Last Saturday, November 6th 2021 was the culmination of the eagerly, highly anticipated Bertram’s Inkwell Annual Pen Fair. The buzz surrounding the pen fair increased as the countdown to the big day began. I knew from years past that it was sure to be huge. As Bert always says, it’s the busiest six hours in the pen industry. This year’s Bertram’s Inkwell Annual Pen Fair was no different in that regard. Since we weren’t able to have a pen fair in 2020 due to the pandemic, this year’s was extra special. For many, it was a great chance to see “pen friends” in addition to the thousands of pens in the shop. I tried to capture as much of this in the following images and videos.
First of all, the vendors that attended the 2021 Bertram’s Inkwell Annual Pen Fair were part of an exclusive, narrowed down list of partners. It was so wonderful seeing them in the shop. We enjoyed having Hirsch Davis, Bryan and Neil (Esterbrook, Aurora, Montegrappa, Loclen, Otto Hutt, and Pininfarina), Bill (Pilot Pen), Ken Jones (Marlen, Private Reserve, Stipula, Yookers, Monteverde, Nettuno, Diplomat, Maiora, Pineider, and Conklin), Adam (Visconti and S.T. Dupont), David Oscarson, Richard Greenwald, and Chuck (Retro 51, Kaweco, Rhodia, Leuchtturm1917, and others). With such a lineup, there were so many pens to enjoy.
Everyone was setup and ready right at 10am. Very impressive considering the event started at 11am, and people were trickling in from the start. A slow and steady buildup of people wandering in throughout the day was wonderful to see. I was really happy to reconnect with longtime customers that I also consider to be friends. It was more than just a chance for everyone to buy pens – it was also a reunion of sorts.
Importantly, there were some wonderful “stars of the show”. These pens stood out from the rest. I’d say the biggest was David Oscarson’s lineup. He had such an impressive array of his pens. I love the quality and craftsmanship that he brings to the table. Not to mention how friendly David always is.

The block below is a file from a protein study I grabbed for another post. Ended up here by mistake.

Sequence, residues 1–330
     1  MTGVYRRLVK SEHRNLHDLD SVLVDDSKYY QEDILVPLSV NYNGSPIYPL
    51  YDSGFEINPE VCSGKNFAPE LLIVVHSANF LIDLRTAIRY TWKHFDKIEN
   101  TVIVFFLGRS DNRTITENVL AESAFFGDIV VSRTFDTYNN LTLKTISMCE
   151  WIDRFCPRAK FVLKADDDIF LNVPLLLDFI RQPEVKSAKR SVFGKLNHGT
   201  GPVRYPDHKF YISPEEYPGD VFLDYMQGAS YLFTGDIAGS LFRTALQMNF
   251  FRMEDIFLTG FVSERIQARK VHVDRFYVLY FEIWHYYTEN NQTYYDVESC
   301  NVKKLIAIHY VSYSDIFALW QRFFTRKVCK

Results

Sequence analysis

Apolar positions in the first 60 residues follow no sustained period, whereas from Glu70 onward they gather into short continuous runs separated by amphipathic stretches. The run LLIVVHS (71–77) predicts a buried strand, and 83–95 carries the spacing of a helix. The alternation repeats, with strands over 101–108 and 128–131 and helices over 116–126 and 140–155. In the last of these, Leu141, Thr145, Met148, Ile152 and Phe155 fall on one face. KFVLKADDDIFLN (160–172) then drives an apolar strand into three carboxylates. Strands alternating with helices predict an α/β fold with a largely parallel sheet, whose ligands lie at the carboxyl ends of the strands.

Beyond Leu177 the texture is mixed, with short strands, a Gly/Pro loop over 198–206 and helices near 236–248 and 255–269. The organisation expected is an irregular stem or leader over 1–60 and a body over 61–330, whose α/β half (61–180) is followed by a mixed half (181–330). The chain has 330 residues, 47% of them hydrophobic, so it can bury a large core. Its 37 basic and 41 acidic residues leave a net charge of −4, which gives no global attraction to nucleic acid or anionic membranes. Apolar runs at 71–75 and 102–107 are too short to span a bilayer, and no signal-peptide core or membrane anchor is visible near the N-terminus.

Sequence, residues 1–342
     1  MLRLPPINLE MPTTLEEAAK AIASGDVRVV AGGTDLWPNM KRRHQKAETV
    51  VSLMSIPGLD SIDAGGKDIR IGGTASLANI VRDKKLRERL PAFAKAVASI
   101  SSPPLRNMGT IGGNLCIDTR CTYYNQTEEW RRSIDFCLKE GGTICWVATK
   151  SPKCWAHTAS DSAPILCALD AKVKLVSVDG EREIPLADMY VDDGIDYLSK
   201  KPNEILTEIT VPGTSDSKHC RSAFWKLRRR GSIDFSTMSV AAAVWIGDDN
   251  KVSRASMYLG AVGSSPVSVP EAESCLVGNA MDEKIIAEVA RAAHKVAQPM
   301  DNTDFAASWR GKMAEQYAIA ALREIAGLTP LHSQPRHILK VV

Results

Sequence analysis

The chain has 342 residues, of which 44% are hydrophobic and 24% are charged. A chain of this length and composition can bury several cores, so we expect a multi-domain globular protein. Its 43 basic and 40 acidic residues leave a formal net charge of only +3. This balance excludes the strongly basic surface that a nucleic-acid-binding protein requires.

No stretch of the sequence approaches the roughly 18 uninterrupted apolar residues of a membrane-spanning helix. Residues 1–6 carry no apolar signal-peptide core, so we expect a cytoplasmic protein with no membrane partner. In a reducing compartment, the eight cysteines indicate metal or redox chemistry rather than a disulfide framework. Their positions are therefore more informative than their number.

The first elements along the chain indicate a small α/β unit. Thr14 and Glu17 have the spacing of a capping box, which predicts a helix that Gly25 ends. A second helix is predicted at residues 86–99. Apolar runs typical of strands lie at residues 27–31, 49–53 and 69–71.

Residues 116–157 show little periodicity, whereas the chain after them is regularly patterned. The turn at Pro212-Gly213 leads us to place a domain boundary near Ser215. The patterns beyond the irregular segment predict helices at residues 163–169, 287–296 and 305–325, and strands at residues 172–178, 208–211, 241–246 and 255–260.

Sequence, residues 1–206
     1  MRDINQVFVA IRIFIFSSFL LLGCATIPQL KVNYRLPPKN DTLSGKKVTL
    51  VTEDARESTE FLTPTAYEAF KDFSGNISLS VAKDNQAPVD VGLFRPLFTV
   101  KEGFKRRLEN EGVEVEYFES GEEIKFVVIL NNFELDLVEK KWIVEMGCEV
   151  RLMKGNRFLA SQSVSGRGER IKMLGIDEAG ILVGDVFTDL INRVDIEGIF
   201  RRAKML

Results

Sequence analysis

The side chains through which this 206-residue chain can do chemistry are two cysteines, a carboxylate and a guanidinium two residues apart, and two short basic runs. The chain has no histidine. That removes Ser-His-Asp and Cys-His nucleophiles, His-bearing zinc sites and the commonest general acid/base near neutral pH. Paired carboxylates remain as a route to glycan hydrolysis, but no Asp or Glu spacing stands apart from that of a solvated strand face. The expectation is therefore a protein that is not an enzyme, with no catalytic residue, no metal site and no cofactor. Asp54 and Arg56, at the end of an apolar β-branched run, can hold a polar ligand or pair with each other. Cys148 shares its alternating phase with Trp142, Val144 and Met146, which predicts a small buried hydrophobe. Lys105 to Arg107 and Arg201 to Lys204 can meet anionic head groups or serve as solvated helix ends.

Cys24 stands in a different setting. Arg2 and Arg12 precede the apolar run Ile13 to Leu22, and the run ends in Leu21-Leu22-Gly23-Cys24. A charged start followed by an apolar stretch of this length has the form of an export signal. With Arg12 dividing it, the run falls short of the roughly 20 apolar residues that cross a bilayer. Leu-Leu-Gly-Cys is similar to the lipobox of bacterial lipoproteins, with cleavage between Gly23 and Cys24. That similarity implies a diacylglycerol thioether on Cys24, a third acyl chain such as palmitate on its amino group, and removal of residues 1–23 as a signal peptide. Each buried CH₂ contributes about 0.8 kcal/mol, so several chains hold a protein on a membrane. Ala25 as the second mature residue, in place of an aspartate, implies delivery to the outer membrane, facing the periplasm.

Next up is the Pineider pens. They made an incredible impression on so many people at the show. You could even say that the Pineider Psycho pen “killed” at the pen fair, haha. Between the Pineider Psycho, the Alchemist, and the Diplomat Aero, there was a great following for Ken.
Bill enjoyed showcasing Pilot pens of all types. I was so excited to write with the extra special Pilot Urushi Burgundy fountain pen. That was a monstrous sized pen, which was surprisingly still comfortable to hold. Not to mention all the special Maki-e fountain pens and Vanishing Points that sold like hotcakes.
Noteworthy is how Bryan and Neil were always busy with customers. That wasn’t too surprising considering the lineup of pens they brought. In addition to the Esterbrook pens (specifically the Estie and the JR Pocket Pen) being rockstars of the pen fair, there was plenty of interest as usual in the Aurora and Otto Hutt pens. What was surprising to me was how many people were drawn to the Pininfarina pens. These uniquely shaped pens are more modern in shape and design.
If you wanted a break from modern pens, Hirsch was there with literally hundreds of vintage pens. He brought so many brands. All laid out were a great range of fountain pens, but also different modes of writing. There was tons of interest as every time I looked over, Hirsch was busy helping someone.
Back to modern pens, if you wanted to get a “sneak peek” at the newest Retro 51’s and Kaweco’s, this was a great opportunity. Chuck brought with him the new Kaweco Sport Cyan fountain pen, alongside the Kaweco Special Red Collection. What you might also find interesting was a lesser known pen line that is made out of cement. They were surprisingly comfortable to touch and hold in the hand.
Visconti had plenty of pens for sale as well, and Adam did a great job of helping people enjoy their latest and greatest. Whether you’re interested in the newest Van Goghs or the durable Homo Sapiens in their new colors, we had what you were looking for.
Finally, Richard Greenwald displayed his custom made pens across several tables. It was incredible seeing the detail and craftsmanship that he puts into each collection. Richard’s pens are among the few that I’ve seen where each and every part are made in-house. His level of skill and talent are rare to find. If you’ve seen Richard’s pens, then you know what I’m talking about. Not only does he make custom plastics in-house, but also all the parts that go into each pen. Truly masterpieces.